Arvind Kejriwal wants a year but will he succeed in controlling stubble burning in Punjab? | Tech Reddy
Chandigarh: With the air quality in the national capital again falling to the ‘severe’ category, AAP national convenor and Delhi Chief Minister Arvind Kejriwal on Friday came forward and took charge of Punjab’s stubble burning.
Until very recently, Kejriwal was locking horns with the Center after stubble burning went out of control in the state that his party has ruled since March this year, a 19% increase over last year.
As the number of cases in Punjab rose to 24,000 on Thursday and air quality in Delhi and other cities subsequently deteriorated, Kejriwal changed his tune.
He not only acknowledged his government’s failure to stop stubble fires in Punjab but promised not to indulge in the blame game and find a solution within the next year.
He asked the Center to take more initiatives due to pollution, he said, now a problem in North India, not limited to Delhi alone.
“We have a government in Punjab. We will take responsibility if straw is burnt there,” Kejriwal said at a joint press conference with Punjab Chief Minister Bhagwant Mann.
Since they were only in government in Punjab for the last six months, he said, some solutions have worked but many others have not.
Mann also said the wheat crop was ready for harvest in March, the month he took the oath. Immediately after that there is a grain of rice.
Kejriwal added, “I am quite optimistic that stubble burning will come down in Punjab within the next year. We will take firm steps and engage with farmers to find possible solutions.”
He said that air pollution is not only a problem of Delhi. “Several cities in Haryana, Rajasthan and UP suffered equally,” he said in his press statement while reading out the names of cities with air quality in the severe category like Delhi.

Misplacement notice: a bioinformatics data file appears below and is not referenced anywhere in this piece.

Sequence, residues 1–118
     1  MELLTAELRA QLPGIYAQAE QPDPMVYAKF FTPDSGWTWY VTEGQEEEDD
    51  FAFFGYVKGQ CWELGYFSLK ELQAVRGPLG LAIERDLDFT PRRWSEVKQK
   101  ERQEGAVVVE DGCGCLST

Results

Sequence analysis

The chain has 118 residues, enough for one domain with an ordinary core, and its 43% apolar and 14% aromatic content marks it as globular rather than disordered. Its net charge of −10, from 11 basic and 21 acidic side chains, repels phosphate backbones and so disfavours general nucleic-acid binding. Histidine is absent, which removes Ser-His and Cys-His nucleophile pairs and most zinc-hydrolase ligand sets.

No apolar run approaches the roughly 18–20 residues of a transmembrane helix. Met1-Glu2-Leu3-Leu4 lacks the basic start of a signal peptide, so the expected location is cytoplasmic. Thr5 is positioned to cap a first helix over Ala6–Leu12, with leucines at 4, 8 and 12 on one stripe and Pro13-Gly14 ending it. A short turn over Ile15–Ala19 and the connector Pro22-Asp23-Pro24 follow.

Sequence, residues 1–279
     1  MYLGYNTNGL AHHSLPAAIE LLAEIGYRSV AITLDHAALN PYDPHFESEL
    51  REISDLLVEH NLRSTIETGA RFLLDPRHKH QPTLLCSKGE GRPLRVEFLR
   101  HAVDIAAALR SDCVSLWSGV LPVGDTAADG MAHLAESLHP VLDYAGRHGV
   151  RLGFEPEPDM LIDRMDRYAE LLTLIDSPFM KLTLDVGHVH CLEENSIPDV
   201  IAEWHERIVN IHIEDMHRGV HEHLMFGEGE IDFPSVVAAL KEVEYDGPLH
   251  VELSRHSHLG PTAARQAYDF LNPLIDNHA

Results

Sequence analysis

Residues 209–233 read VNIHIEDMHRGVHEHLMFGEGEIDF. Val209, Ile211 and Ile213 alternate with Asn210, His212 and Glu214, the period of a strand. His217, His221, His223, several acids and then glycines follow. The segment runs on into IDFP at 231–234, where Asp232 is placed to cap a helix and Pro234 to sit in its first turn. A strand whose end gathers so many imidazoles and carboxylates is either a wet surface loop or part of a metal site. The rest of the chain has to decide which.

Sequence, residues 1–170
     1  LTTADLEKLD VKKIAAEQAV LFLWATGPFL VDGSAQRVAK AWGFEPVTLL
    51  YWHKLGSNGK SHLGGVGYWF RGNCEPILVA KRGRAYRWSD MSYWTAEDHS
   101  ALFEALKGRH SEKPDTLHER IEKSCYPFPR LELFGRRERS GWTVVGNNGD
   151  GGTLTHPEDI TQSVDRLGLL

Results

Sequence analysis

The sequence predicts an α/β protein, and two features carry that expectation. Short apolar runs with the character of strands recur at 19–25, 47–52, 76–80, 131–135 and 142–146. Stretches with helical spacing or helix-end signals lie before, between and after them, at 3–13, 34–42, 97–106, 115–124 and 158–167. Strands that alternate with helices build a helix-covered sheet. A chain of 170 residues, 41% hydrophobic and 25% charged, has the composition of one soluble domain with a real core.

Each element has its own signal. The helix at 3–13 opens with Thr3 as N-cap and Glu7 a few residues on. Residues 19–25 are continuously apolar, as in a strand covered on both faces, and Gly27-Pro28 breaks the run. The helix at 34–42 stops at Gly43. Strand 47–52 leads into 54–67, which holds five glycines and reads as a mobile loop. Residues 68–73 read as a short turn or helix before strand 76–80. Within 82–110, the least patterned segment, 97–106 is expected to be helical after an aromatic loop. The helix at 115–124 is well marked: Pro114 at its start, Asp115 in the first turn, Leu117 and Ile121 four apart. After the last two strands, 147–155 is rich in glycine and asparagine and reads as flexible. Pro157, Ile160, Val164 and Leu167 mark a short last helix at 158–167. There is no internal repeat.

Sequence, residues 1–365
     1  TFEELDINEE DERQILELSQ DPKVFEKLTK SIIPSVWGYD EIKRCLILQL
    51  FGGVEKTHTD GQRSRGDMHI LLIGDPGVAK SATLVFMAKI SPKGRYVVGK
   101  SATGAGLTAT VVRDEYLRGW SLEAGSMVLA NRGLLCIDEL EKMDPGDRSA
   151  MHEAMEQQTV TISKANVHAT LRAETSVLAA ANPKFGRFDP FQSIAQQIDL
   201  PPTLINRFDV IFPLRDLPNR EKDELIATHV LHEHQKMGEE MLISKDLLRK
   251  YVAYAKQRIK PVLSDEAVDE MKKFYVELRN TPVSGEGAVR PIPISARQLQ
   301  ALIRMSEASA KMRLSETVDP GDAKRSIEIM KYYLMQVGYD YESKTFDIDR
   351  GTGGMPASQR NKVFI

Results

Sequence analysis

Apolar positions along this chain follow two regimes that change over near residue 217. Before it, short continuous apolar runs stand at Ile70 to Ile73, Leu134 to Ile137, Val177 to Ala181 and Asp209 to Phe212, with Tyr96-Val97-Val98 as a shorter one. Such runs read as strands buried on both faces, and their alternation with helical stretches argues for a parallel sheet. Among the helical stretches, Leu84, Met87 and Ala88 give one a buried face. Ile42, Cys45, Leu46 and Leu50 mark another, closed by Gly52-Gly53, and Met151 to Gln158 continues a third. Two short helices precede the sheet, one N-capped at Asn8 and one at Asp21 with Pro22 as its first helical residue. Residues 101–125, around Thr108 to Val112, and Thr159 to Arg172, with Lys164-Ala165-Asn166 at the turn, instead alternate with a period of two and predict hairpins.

It included Haryana’s Rohtak, Bhiwani, Charkhi Dadri, Sonepat, Bahadurgarh, Jind, Manesar, Gurgaon, UP’s Noida, Greater Noida, Ghaziabad and Rajasthan’s Bhiwadi.
Kejriwal said this shows that this is a problem for the entire northern region. There is no particular reason for this. Apart from local factors there are also regional factors such as wind moving from one state to another.
“As I have said before, this is not the time to point fingers at each other or play politics. We cannot find a solution for this. The Center must come forward to work closely with all the affected states,” he said.
While Kejriwal said they would ensure reduction in the incidence of hay fever by next year, the challenges are more.
The scale of the problem is huge as about 40-45 lakh acres or 70% of the paddy land in Punjab is burnt every year.
Both in-situ and ex-situ measures, so far applied to reduce the stirring fire, have had limited effect for several reasons.
First, small and marginal farmers, who account for 32% of the total, claim that they are not in a position to purchase crop residue machines, which cost more than Rs 1.5 lakh even at subsidized prices.
Punjab has distributed 1.2 lakh subsidized crop residue machines in the last five years using a subsidy grant of Rs 1300 crore from the Centre.
The Delhi-based Council on Environment, Energy and Water noted in its recent report that even available crop residue machines had limited use among owners as operation costs remain high.
Ex-situ solutions such as use of straw as raw material in paper mills and production of bio-gas or CNG etc. have limited impact, in terms of quantity of straw, production is about 200 lakh tonnes.
Then, farm unions have political pressure as farmers are a huge vote bank in the state.
No political party wants to take strict action against farmers.
Even today, Kejriwal has repeatedly said that the farmers of Punjab should not be blamed for this mess. They will stop burning it if they find a possible solution.
As Kejriwal promised, Punjab will take separate steps to control it by next year, with Punjab Chief Minister Bhagwant Mann saying more biogas power plants will be set up as well as focus on crop diversification.
“We will try to help farmers to sow dal and mustard so that there is no burn next year. We will take several more initiatives with farmers and other concerned stakeholders to stop this parali (khunda) problem,” the CM added.